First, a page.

The early years of the twentieth century saw the emergence in Liverpool of a unique vision of what it might mean to be a citizen in an urban democracy. This owed its inspiration to the coming together of the idealism of the academics at the young University with the practical morality of the City’s merchant philanthropists. Infused as both were by the passion and urgency of the women’s demand for liberation, the result was a totally fresh approach to the problems of the day. This found expression in a commitment to the principle that the right to share in the responsibility for the management of the common affairs of a society must be a universal attribute of citizenship, regardless of gender, religion or class. How this has developed down the years into a demand for the empowerment of the community itself is the stuff of this book. Ironically the Welfare State has resulted in an assumption of control by the executive which has deprived the people of their right to responsibility for what is done in their name. The Disinherited Family of Eleanor Rathbone’s classic book on child allowances has become the Disinherited Society of today. Using history as a launching pad for future planning, this book concludes with a forthright Tract for the Times. This challenges the communitarianism popularised by Amitai Etzioni as lacking in relevance to either the social or economic realities of today.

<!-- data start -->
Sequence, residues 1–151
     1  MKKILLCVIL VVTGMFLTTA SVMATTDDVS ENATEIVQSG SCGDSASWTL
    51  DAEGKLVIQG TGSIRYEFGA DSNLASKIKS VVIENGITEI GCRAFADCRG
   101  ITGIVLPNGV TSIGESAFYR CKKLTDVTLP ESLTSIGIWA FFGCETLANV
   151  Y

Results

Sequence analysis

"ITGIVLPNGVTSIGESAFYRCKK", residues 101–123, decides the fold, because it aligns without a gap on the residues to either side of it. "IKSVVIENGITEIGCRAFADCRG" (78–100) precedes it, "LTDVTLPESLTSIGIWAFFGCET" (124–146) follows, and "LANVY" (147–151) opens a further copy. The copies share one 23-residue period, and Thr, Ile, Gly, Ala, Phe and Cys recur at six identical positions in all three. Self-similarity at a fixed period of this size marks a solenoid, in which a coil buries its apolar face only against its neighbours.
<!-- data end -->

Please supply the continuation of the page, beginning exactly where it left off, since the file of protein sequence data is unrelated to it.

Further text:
Table of Contents
You are viewing the table of contents
You do not have access to this
on JSTOR. Try logging in through your institution for access.